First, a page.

RFID Tags for Use in Swine in PA

RFID Tags for Use in Swine in PA
May 22, 2020

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By Cheryl Ann Fairbairn

Understand the reasons for using radio frequency identification (RFID) tags to identify swine in commercial herds and show pigs.

The Pennsylvania Department of Agriculture now mandates that all show pigs must have RFID (Radio Frequency Identification) tags in their ears. What does this mean for pork producers and junior swine members who show hogs?

As a pork producer, whether you own one sow or a thousand you should have a premise ID. The premise ID is a number recorded with the state that allows the state to notify you if a major disease outbreak, either foreign or domestic, would occur in your area or across the United States. It is not available publicly and is only used for disease notification if necessary. For the safety of your farm in terms of disease prevention, a premise ID is a must. You must have a premise ID to order RFID tags. If you do not have a premise ID, you can apply for one online. Go to the Pennsylvania Department of Agriculture's Premise Registration Form. Complete the form and in a few weeks, you will be sent your Premise ID number.

Once you have your Premise ID number, you can then order 840 RFID tags from many different companies. A listing of all approved tags from various companies can be found on the USDA APHIS site. Make sure you order RFID tags and not AIN tags. AIN (Animal Identification Number) tags look like RFID tags with an 840 number, but they cannot be read by a wand or reader. They are only visual tags and are not acceptable for PA shows. RFID tags should be placed in a pig’s ear at the time of sale to a junior member. Do not wait for the junior member to ask you to do it. This is new to them also so many are not aware of the new rule. If you have already sold pigs without putting an 840 RFID tag in the ear the buyer may come and ask you for one once they find out that they cannot get a health paper unless they have one in the ear. By planning ahead, you can be sure to have tags on hand at the time of sale or when the kids come looking for them at health paper time.

Junior members should always ask for an RFID tag to be placed in the hog’s ear at the time of purchase. If the breeder does not have them you should ask him/her if they are planning on getting them since it is a requirement for PA hog shows. If they are unsure of the process have them call the PA Department of Agriculture or their extension educator to find out the process to obtain tags. You cannot ask another producer who has tags if you can use one of their tags to place in a pig’s ear that was not purchased from them. That tag traces back to their premise ID and if a disease is detected, it will trace back to the wrong farm thus hindering the stop of that domestic or foreign disease. If you did not ask the producer when you purchased the pig then call your veterinarian and ask them if they have RFID tags that are tied to their premise ID that they could place in the hog’s ear at the time of issuing health papers. If they are not sure if they can provide these tags, please have them contact their regional PDA veterinarian for guidance. You may be charged for the RFID tag as they are not free to the veterinarians. The veterinarian will record all information on the ownership of the pig and if a disease is detected in the pig he/she will be able to identify that the pig came from you and you will have to let USDA veterinarians know where you purchased the pigs. It is much simpler to start your swine project with an RFID tag in the pig’s ear at the time of purchase.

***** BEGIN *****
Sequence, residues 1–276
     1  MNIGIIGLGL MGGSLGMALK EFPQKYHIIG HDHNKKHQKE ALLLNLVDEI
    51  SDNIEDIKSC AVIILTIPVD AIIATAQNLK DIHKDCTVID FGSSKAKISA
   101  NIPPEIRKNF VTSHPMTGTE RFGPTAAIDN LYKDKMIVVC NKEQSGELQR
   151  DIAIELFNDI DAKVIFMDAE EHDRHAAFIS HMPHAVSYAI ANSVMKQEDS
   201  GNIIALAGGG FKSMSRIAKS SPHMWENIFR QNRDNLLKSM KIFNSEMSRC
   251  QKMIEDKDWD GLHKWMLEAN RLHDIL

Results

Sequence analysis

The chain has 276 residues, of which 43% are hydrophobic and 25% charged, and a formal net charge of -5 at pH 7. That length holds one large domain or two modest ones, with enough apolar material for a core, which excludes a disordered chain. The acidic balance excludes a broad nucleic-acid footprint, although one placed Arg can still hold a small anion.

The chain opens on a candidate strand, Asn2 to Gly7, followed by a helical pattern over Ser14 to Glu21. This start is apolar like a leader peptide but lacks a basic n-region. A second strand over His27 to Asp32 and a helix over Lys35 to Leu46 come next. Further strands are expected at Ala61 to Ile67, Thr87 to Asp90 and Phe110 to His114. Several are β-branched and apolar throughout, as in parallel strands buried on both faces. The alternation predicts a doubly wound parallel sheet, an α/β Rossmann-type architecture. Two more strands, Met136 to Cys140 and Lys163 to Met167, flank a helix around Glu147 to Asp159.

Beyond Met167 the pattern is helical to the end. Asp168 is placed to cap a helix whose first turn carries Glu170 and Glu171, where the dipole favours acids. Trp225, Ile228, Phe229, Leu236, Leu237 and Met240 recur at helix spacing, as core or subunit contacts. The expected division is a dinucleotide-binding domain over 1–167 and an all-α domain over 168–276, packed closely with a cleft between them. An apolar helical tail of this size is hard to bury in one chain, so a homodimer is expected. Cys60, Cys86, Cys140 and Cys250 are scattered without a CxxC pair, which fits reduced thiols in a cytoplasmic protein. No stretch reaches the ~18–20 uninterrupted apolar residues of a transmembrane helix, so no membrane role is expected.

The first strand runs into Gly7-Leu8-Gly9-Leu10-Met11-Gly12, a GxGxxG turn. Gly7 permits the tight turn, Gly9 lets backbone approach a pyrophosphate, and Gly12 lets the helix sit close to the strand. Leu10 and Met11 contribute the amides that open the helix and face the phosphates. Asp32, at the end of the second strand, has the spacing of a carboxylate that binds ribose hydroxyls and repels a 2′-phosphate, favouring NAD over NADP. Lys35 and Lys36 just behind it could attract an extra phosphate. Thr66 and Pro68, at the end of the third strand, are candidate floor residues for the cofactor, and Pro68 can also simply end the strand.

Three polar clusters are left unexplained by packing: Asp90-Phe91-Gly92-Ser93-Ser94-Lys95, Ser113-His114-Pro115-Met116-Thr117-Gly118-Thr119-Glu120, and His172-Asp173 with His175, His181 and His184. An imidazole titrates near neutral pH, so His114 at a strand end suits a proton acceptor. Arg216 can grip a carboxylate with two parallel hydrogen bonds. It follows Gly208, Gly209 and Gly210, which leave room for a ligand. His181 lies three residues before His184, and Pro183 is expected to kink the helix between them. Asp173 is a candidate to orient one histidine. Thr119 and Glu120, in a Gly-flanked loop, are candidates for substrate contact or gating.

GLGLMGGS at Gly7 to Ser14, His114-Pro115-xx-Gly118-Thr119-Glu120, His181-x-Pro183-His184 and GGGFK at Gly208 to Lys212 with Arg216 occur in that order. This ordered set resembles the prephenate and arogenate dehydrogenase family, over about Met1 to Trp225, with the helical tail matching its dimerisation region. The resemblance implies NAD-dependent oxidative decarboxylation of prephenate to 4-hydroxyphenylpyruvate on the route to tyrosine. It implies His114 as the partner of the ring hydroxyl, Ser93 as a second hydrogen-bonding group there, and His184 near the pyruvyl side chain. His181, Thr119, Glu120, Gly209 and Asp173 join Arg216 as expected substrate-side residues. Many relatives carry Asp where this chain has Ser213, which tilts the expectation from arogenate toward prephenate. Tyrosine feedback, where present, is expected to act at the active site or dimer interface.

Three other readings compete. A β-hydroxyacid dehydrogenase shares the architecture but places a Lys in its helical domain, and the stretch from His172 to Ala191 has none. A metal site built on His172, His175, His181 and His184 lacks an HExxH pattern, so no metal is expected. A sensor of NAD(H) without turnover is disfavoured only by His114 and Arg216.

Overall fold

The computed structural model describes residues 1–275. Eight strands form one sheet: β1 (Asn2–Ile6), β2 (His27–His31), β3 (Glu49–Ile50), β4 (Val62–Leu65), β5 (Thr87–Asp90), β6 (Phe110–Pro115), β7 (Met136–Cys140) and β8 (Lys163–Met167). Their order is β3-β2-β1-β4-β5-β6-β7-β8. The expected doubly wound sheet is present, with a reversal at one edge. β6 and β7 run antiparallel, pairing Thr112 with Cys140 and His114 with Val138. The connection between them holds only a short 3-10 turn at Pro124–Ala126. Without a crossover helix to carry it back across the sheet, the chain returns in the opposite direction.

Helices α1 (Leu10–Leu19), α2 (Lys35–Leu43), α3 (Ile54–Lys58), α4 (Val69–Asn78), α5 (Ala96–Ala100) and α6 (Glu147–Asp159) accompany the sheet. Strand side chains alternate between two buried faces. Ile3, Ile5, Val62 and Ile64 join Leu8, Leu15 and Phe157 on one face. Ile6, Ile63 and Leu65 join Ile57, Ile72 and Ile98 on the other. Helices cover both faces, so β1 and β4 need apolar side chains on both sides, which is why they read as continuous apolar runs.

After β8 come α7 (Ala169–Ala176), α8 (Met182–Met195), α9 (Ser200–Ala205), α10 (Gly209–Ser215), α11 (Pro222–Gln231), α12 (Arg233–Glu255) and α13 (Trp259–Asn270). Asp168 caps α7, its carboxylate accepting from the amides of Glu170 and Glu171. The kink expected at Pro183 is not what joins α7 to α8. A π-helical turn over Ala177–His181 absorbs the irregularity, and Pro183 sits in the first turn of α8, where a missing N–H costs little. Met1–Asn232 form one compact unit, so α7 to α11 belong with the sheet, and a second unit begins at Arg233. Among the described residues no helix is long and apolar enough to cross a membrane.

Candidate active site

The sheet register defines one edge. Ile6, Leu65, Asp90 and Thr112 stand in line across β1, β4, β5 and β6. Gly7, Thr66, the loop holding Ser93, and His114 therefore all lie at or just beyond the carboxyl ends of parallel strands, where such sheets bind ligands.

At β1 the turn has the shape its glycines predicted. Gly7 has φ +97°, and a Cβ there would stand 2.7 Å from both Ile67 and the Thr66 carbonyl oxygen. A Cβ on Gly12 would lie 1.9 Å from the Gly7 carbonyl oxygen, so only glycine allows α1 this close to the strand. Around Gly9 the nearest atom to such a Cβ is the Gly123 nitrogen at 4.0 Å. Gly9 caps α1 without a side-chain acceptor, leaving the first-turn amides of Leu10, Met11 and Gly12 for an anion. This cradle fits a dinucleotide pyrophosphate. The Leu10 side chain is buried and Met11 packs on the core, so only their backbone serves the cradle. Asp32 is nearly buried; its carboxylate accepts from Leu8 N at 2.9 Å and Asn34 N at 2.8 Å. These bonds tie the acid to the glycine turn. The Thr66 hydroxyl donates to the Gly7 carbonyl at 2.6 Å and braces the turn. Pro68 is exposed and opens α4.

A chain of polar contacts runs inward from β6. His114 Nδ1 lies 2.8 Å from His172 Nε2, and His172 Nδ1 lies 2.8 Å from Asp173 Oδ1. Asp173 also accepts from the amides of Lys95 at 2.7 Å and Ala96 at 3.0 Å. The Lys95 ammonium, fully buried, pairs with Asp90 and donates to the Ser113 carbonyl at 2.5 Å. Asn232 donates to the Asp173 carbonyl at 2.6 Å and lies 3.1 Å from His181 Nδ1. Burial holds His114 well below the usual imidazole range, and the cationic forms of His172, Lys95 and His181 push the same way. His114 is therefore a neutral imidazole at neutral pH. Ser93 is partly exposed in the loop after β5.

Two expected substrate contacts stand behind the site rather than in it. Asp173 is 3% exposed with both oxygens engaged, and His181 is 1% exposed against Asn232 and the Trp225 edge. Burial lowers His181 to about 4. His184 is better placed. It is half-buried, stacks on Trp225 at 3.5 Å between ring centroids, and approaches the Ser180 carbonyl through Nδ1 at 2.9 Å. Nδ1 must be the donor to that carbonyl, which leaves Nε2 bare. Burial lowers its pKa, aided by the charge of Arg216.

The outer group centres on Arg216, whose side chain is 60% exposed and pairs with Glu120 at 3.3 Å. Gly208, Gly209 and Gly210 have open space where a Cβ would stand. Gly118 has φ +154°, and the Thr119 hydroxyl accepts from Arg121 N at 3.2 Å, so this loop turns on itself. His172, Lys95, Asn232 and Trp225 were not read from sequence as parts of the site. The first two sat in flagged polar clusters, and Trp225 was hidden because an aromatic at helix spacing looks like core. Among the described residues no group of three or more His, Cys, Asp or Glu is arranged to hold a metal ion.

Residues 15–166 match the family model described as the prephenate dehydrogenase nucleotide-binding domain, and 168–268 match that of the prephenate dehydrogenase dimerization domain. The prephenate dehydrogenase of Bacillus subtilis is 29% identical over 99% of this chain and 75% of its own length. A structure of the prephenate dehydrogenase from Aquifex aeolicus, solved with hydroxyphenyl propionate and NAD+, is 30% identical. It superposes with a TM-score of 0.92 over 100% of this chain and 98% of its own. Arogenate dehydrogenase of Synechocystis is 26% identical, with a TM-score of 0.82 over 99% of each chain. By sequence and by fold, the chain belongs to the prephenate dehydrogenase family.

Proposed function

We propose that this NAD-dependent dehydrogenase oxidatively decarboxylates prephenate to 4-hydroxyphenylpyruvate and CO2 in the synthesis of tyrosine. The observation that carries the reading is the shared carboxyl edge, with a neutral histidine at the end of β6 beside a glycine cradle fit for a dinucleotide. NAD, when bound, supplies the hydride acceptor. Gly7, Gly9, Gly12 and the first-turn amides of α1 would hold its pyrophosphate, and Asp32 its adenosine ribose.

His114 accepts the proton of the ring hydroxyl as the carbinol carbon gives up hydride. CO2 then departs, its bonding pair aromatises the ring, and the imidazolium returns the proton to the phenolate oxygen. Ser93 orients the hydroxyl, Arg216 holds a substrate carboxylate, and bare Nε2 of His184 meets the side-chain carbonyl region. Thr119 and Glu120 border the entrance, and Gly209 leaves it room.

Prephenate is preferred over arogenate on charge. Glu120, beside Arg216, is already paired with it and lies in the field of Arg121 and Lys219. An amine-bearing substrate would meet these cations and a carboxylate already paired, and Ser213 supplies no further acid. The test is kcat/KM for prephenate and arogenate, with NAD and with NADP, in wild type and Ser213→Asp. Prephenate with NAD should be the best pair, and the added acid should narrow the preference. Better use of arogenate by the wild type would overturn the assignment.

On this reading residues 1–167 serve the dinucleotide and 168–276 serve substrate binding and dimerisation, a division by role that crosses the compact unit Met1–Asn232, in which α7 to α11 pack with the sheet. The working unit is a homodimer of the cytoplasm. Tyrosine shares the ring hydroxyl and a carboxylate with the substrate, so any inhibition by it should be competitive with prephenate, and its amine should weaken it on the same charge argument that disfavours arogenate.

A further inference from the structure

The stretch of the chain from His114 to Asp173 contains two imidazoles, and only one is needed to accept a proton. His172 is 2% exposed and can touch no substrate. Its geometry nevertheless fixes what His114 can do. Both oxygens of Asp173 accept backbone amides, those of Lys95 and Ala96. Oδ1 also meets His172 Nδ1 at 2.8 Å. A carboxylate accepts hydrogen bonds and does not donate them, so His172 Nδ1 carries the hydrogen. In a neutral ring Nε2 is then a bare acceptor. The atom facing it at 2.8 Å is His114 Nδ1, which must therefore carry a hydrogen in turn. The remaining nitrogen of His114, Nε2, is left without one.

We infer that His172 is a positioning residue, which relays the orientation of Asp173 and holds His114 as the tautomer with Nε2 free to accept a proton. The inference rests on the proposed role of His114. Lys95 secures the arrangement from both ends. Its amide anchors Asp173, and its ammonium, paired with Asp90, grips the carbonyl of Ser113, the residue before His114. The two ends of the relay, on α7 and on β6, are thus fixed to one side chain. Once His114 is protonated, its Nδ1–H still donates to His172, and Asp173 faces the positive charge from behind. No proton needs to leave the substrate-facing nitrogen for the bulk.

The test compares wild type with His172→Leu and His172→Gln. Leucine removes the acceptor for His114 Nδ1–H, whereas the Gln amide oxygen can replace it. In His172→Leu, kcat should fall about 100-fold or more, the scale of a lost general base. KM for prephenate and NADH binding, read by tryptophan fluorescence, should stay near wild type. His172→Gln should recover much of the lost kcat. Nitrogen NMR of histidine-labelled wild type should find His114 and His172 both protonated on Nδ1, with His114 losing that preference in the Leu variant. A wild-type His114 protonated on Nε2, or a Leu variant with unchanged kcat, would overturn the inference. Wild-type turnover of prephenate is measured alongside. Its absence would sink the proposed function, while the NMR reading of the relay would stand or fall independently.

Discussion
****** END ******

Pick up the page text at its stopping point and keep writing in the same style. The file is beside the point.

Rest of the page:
Never place two RFID tags in the pig’s ear. If the pig already has an RFID 840 tag in its ear that is the tag that must be used to identify the animal. If your fair is supplying RFID 840 tags and your animal already has one in the ear from the breeder your fair must use the one placed in the ear by the breeder. Placing a second tag in the ear makes it very hard to read with the wand and will again hinder location of the original owner if a disease outbreak would occur. Non RFID tags provided by the fair can be placed in the ear and will not hinder the reading of the RFID 840 tag.

RFID tags have been used in cattle for years and are required at all major shows. It is a method of permanent identification that can be read by an RFID reader or wand and can be read from a short distance. It is illegal to remove a tag. If, however, the animal loses a tag which sometimes does happen, you will need to go back to the original owner for a replacement. If that is impossible you can ask your veterinarian to supply a tag if they are willing to do so. Normally the original owner is happy to supply the tag.

With African Swine Fever rampant across the world it is only a matter of when, and not if the disease will make its way to the United States. The disease, if it does arrive, would devastate the pork industry in the USA and would eliminate many pork producers thus limiting the amount of pork available in the grocery stores. To avoid this crisis and many others we all need to do our part to help insure swift and correct tracking to limit the spread of the disease. You can do your part as a producer or junior swine member by utilizing RFID tags as a means of identifying hogs in the marketplace.

Source : psu.edu